I love New Year’s Day. I love thinking of change, options, ways to be healthy, and ways to grow. Yes, I’m one of those resolution makers.
I have to admit I don’t keep many of them. Or some, I’ve made and dropped and made again. So, in the long run, I’m keeping up.
This year I am considering my eating habits and working on eliminating sugar. I think I’ve tried this every year since I first read Sugar Blues about 100 years ago.
I am also considering adding more reading (fiction) and cutting my screen time. Oh I say I’m reading when I’m staring at my laptop, but glancing at headlines and flitting from page to page really doesn’t count.
Writing– I’m considering designating a time every day to write. See I’ve already started.
And see what I did there? These are all considerations. When I don’t happen to keep them up each day, I will bang my head against the table a little less. I haven’t failed since they weren’t absolute rules.
Speaking of failure. I turn 65 in June. I have a lot to consider before then. So this reading and writing will be a good thing.
I’ll let you know if cutting sugar from my diet was a good thing, too.
In my head.
I keep shaking it, trying to move myself out of the gloom. I think it’s the cold. Tomorrow, though it will rain buckets, and it’s going to be 80. Sweet.
But printing goes on. I delivered cards to Heather’s today and restocked the shelves at Water Street. I’m getting ready for my show at Skin Touch Therapy on May 3. Excited!! And I’m having as much fun learning Adobe Illustrator as I am with my presses. A geek at heart.
By the way, those are new journals with letterpress printed covers in Etsy and at Great.ly. I’m going to go write my gray day away. (Wish I could do the same for my hair.)
I’ve been having a hard time writing lately. My dreams are of presses and type, my spare moments have me reading instead of composing. The words roll around in my head. Until they decide to take some shape, I will ignore the guilt.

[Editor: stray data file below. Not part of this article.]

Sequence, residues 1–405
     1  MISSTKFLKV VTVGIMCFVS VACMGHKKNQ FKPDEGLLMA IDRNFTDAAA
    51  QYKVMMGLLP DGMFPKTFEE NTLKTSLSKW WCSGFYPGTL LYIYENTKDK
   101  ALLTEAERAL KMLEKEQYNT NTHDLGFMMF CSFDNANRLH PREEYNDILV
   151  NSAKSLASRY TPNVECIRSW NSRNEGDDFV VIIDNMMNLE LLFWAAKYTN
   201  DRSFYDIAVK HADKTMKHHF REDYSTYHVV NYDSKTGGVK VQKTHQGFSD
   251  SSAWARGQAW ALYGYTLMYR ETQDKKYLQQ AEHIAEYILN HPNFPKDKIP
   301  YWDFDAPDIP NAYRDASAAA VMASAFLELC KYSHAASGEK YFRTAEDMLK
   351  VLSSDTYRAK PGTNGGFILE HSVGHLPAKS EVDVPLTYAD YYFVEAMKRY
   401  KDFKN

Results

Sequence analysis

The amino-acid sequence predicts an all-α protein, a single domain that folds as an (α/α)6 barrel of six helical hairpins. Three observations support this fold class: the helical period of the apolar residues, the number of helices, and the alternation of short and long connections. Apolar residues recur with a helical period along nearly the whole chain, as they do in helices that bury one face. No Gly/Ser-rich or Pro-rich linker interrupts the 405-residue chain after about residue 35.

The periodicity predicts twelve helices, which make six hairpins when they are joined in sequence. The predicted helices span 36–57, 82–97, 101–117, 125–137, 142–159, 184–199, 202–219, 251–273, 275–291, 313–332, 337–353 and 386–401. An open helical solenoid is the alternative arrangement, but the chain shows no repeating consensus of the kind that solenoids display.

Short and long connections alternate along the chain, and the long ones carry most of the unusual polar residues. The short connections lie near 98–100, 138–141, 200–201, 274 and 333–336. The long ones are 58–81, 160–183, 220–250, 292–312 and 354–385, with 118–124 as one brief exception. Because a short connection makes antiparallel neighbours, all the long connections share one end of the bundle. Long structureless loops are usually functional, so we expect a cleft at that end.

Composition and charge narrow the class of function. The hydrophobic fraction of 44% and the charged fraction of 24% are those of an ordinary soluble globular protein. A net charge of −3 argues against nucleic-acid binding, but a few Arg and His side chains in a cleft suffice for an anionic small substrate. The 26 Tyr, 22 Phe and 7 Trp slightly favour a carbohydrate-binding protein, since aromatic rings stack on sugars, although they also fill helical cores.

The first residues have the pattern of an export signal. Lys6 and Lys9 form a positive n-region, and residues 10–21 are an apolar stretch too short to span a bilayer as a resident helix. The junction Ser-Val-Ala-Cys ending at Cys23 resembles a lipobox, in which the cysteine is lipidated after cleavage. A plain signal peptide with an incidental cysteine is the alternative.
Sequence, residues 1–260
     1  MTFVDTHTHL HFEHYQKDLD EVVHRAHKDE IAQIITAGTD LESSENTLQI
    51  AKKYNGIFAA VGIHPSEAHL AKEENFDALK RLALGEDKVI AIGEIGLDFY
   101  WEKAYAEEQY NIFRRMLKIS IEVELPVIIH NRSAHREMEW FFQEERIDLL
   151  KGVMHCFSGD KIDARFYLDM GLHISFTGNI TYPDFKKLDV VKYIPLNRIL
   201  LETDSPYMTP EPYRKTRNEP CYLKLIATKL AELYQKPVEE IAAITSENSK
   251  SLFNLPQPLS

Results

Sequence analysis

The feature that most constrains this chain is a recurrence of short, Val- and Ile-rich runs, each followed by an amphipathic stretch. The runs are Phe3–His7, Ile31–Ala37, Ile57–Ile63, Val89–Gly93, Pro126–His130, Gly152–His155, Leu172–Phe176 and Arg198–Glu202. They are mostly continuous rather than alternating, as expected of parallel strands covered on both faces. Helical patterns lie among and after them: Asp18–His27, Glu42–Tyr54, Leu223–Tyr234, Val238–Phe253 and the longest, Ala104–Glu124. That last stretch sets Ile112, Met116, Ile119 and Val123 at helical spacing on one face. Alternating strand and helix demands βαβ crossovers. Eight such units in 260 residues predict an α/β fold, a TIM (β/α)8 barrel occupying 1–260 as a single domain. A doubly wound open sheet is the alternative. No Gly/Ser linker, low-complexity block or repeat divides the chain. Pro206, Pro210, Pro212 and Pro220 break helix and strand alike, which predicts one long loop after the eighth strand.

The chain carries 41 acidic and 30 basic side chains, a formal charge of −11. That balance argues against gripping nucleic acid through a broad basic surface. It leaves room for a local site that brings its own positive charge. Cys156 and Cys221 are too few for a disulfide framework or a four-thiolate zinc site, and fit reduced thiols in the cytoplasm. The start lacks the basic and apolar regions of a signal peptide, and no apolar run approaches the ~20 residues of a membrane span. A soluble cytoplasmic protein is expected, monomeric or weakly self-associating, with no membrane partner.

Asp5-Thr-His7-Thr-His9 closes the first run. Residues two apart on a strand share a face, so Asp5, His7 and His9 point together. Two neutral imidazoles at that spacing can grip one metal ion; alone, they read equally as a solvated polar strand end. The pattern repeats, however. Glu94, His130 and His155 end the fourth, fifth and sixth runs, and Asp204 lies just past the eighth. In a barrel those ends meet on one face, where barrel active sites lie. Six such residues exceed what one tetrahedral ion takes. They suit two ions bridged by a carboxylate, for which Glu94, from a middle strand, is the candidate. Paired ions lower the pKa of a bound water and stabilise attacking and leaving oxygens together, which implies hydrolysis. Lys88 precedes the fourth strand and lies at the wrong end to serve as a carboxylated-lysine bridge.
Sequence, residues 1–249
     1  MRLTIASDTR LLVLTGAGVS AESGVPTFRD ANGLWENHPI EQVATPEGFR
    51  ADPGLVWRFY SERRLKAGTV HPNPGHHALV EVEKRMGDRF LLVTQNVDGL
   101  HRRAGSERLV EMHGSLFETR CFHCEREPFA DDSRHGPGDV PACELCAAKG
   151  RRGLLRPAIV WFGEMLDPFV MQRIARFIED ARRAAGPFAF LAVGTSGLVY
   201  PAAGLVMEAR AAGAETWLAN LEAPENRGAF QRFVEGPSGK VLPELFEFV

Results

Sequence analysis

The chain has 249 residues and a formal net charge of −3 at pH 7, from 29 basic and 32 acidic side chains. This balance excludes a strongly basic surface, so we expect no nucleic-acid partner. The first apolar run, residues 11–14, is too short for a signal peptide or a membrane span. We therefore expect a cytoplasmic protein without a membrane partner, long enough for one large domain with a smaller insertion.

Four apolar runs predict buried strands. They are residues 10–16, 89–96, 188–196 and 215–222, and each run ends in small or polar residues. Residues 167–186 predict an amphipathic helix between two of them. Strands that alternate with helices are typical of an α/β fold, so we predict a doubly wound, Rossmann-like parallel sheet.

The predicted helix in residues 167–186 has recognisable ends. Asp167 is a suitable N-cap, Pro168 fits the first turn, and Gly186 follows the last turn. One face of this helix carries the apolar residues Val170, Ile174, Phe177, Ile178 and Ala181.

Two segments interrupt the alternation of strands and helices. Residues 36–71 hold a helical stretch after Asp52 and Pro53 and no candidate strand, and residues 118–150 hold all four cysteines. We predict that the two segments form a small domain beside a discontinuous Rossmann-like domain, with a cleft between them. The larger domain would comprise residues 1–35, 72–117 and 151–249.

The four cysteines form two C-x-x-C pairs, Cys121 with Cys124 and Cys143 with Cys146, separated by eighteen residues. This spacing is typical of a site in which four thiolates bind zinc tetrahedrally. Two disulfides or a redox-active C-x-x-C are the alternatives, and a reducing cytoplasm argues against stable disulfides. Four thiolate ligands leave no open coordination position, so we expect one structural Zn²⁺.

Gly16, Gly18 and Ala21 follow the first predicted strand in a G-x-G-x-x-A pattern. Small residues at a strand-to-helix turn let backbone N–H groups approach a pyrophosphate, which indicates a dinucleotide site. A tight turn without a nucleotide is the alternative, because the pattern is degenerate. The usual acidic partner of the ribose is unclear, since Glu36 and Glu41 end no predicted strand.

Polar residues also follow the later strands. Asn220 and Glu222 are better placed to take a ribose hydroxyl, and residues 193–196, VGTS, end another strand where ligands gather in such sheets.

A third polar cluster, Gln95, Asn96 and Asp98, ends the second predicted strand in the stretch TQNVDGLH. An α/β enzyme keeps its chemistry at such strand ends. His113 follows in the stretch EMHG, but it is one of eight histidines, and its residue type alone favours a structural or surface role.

Besides artist and author, Nin was also a publishing entrepreneur. In January 1942, she sets up her own small press in a loft on Macdougal Street, and soon set out to print and self-publish a new edition of her third book, Winter of Artifice, teaching herself typesetting and doing most of the manual work herself.
I totally get this:
You pit your faculties against concrete problems. The victories are concrete, definable, touchable. A page of perfect printing. You can touch the page you wrote. We exult in what we master and discover. Instead of using one’s energy in a void, against frustrations, in anger against publishers, I use it on the press, type, paper, a source of energy. Solving problems, technical, mechanical problems. Which can be solved.
Our Wednesday writing circle at the studio is one of my favorite times of the week. I offer a prompt, we write for ten minutes, and then we share whatever has come out of that. Often for me it’s trash, nothing worth using. I am not a someone who can spin a piece of writing into gold without time and effort. Actually, “gold” is not how I describe any of my writing. But what does happen is a release of sorts, a letting go of whatever is on my mind.
Without the writing, I can ruminate on, analyze, and project my worries about a topic forever. Once the words appear on paper (or keyboard), they have morphed to a new place. I love this quote by Tobias Wolff– we all want to get things right. Writing helps us move forward with clarity.
“A lumbar laminectomy is also known as an open decompression and typically performed to alleviate pain caused by neural impingement that can result from lumbar spinal stenosis.”
Her yellow skirt, draped
long across scuffed boots,
followed her into the waiting room
where we sat in hard chairs
drinking cold coffee, watching
repetitive news on the television,
may I interrupt? she asked, raising
her hands above her head
if you need or want a prayer,
please come forward, we will
pray up here together, if you
feel the need, she said
I dropped my chin, stared at
the stain in the carpet while
the family of blond women
with red fingernails trooped up
making a circle around the woman
One by one they rose from
their chairs, and she prayed
for us all as I sat there glued
to my chair, wondering why
they hadn’t cleaned the carpet.